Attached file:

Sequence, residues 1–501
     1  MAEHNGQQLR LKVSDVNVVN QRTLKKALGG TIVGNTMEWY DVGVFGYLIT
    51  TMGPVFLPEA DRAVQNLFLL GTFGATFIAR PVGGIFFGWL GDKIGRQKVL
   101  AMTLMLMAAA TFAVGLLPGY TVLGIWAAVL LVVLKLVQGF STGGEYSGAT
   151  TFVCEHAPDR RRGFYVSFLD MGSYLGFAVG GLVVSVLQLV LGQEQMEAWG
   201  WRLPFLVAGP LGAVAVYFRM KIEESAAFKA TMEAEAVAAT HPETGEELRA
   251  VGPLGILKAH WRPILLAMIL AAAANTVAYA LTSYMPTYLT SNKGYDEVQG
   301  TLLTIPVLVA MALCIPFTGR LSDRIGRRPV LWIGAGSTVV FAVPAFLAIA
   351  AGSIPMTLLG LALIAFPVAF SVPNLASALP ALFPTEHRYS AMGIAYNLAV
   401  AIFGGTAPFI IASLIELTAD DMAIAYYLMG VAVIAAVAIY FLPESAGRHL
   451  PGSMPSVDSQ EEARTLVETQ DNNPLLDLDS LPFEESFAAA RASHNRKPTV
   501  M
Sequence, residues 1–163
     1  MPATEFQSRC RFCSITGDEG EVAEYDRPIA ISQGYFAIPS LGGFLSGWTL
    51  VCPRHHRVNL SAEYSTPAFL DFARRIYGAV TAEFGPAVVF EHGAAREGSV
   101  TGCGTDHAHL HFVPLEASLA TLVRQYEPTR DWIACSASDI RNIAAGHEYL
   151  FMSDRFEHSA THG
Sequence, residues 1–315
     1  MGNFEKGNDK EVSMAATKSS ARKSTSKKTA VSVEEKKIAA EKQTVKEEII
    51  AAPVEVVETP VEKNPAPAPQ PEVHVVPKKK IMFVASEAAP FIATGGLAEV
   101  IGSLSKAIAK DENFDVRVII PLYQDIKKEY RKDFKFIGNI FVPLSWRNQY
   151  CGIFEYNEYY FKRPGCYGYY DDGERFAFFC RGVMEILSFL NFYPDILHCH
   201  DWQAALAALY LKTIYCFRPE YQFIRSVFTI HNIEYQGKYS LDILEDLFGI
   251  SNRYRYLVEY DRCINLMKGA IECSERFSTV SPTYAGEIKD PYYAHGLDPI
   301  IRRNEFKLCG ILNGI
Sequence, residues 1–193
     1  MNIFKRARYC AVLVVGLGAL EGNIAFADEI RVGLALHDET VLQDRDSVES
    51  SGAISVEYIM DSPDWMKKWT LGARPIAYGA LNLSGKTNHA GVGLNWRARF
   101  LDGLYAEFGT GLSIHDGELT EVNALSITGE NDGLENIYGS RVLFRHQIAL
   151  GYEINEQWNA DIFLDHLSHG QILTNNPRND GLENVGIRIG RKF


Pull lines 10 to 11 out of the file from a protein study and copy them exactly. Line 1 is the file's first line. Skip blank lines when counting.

   401  AIFGGTAPFI IASLIELTAD DMAIAYYLMG VAVIAAVAIY FLPESAGRHL
   451  PGSMPSVDSQ EEARTLVETQ DNNPLLDLDS LPFEESFAAA RASHNRKPTV